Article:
Appointed by President Bill Clinton
During his two terms in office William Jefferson Clinton, the 42nd president, was served by two secretaries of state. The second of these was Madeleine Albright, who was born Marie Jana Korbel on May 15, 1937, in Prague. On January 23, 1997, she made history by becoming the first woman secretary of state, after unanimous confirmation by the Republican-dominated Senate. Albright is the highest-ranking woman in the history of the U.S. government and was one of the most publicly recognized modern secretaries of state. Prior to achieving this position, her career service was primarily in academia and Democratic Party circles, and she served in relatively low-level positions in the Carter administration, the only Democratic administration between Lyndon Johnson and Bill Clinton. As Clinton's second secretary of state, she was the 64th in the history of the United States.
Her family background represents a reaction to two of the twentieth century's most terrifying regimes: Hitler's Germany and Stalin's Soviet Union. Her great-grandfather escaped from a Polish Jewish ghetto by getting a job with a railroad. Her grandfather began his career as a railroad employee and became a prosperous Prague businessman. Her father dropped Judaism in favor of Catholicism, was a Czechoslovakian diplomat, and fled communism for the academic world of the University of Denver when Albright was 11 years old. Having experienced her family's struggles with these great pariahs influenced Albright's strong patriotism, incrementalism, and anticommunism.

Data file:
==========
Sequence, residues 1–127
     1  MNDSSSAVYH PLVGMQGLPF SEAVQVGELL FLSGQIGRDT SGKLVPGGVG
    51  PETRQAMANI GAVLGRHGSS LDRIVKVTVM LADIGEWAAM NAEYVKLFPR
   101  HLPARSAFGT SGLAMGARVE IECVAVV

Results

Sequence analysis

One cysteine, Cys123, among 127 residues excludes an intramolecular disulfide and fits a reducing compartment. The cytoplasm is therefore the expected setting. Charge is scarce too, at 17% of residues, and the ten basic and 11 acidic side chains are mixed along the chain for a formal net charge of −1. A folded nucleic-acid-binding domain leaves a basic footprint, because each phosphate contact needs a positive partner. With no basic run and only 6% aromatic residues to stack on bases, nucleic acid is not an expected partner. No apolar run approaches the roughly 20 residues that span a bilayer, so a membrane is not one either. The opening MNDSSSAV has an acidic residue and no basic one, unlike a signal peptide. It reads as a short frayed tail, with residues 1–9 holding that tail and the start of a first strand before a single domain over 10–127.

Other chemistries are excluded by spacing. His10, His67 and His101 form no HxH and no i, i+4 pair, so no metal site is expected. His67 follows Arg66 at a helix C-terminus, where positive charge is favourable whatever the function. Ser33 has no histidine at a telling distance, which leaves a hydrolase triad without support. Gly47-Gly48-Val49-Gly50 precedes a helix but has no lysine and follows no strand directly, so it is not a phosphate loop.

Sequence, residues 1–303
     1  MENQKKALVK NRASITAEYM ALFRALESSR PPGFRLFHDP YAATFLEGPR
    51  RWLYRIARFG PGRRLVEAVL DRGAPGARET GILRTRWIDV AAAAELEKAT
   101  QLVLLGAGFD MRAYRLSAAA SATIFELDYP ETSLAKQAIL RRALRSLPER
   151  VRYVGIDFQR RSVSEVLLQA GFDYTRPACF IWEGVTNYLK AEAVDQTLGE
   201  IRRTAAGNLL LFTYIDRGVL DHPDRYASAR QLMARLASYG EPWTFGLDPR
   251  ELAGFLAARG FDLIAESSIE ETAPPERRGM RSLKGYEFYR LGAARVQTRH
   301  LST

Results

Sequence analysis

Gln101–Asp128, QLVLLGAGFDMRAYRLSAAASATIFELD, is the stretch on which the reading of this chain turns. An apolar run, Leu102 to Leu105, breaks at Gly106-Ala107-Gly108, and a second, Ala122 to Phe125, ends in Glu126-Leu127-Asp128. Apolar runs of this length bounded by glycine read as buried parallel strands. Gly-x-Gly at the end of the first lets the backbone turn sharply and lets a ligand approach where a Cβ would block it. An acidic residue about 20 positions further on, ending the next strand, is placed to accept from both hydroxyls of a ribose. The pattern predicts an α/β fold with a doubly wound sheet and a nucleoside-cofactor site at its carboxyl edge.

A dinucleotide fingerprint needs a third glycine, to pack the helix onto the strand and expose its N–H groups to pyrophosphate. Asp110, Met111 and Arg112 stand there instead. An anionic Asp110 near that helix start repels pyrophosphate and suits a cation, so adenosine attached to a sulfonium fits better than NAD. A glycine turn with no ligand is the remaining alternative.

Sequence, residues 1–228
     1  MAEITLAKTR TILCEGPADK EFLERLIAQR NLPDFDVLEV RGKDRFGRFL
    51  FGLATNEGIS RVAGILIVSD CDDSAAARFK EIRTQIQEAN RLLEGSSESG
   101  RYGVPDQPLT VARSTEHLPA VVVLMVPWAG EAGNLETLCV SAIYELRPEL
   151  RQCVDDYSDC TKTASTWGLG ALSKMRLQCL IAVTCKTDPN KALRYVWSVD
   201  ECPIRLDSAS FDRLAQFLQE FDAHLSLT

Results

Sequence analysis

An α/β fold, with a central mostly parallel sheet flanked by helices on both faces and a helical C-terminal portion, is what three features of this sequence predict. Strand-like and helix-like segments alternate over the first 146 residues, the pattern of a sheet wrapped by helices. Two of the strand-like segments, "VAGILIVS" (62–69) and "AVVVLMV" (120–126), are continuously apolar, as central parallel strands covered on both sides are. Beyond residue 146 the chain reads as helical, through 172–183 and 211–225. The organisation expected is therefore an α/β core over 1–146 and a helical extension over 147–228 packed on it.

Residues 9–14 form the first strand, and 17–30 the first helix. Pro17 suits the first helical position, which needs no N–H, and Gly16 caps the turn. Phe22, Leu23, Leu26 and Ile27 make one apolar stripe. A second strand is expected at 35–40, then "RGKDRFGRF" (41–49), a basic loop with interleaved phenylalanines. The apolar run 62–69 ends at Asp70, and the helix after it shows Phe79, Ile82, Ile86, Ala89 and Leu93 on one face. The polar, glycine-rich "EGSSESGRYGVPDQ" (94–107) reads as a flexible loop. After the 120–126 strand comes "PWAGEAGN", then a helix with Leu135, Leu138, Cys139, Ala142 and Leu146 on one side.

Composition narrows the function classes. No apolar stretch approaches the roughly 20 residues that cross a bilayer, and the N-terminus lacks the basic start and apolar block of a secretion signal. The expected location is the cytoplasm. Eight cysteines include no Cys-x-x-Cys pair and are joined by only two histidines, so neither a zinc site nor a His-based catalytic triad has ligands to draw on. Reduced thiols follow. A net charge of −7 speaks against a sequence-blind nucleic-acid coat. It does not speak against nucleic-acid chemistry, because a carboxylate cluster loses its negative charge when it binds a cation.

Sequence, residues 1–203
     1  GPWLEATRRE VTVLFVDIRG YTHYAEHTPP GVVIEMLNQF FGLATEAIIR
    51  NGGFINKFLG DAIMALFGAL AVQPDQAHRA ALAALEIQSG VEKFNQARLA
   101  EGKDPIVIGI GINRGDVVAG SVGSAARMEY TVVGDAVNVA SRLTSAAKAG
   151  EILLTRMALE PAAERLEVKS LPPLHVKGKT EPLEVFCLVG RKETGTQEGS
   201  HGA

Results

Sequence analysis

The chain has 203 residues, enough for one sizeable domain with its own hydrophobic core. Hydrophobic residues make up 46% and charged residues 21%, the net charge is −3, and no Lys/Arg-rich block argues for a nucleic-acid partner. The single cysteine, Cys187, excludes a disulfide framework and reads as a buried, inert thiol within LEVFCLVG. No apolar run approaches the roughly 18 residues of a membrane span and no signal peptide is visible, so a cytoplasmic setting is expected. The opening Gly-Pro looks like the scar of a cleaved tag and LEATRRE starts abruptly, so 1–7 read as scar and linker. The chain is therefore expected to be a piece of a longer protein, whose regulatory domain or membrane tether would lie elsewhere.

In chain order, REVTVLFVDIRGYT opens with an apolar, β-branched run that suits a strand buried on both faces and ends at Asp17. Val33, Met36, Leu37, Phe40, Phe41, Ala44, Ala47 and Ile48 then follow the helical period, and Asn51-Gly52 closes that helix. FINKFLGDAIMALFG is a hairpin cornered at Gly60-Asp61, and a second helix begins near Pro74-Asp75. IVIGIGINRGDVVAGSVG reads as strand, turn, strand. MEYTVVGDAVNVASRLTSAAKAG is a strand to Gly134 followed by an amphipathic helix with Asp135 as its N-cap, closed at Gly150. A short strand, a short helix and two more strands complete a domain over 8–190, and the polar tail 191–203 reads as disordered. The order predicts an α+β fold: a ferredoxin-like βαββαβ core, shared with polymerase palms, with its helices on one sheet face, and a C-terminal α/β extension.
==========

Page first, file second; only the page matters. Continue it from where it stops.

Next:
Albright evidently was unaware of her Jewish roots until a reporter uncovered them at the time of her nomination to become Secretary of State, and it has been suggested that this obliviousness is part of a pattern of behavior, including her lack of awareness of the impending doom of her marriage of 23 years in 1982. More severe critics accused Albright of prevarication.
Albright earned a B.A. in political science from Wellesley College. She studied at the School of Advanced International Studies at Johns Hopkins University and received a Certificate from the Russian Institute at Columbia University. She also